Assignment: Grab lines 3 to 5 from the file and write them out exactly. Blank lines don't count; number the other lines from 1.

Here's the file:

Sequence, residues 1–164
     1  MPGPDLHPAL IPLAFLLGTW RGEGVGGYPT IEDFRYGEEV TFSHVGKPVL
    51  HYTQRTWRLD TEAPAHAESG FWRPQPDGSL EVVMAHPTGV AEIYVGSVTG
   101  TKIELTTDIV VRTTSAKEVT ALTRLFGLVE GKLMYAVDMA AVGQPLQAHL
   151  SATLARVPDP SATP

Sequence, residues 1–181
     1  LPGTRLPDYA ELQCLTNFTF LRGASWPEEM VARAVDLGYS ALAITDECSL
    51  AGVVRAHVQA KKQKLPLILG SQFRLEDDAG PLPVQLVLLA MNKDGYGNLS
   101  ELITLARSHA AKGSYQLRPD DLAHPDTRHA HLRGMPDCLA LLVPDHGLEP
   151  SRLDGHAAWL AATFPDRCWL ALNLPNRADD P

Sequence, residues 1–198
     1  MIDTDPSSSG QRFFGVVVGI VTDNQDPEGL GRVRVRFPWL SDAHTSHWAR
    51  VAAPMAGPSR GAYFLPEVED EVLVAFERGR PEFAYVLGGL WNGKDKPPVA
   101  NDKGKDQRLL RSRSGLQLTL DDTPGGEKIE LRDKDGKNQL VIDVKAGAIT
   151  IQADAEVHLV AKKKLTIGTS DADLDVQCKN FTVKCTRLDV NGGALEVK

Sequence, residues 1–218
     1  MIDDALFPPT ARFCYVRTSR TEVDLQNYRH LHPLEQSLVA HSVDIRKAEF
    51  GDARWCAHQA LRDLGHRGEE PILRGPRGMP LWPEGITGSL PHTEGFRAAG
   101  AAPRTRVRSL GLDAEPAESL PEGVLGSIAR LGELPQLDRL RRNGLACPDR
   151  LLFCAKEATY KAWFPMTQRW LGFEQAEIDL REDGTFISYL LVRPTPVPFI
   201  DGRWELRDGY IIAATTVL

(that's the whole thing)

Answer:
    51  HYTQRTWRLD TEAPAHAESG FWRPQPDGSL EVVMAHPTGV AEIYVGSVTG
   101  TKIELTTDIV VRTTSAKEVT ALTRLFGLVE GKLMYAVDMA AVGQPLQAHL
   151  SATLARVPDP SATP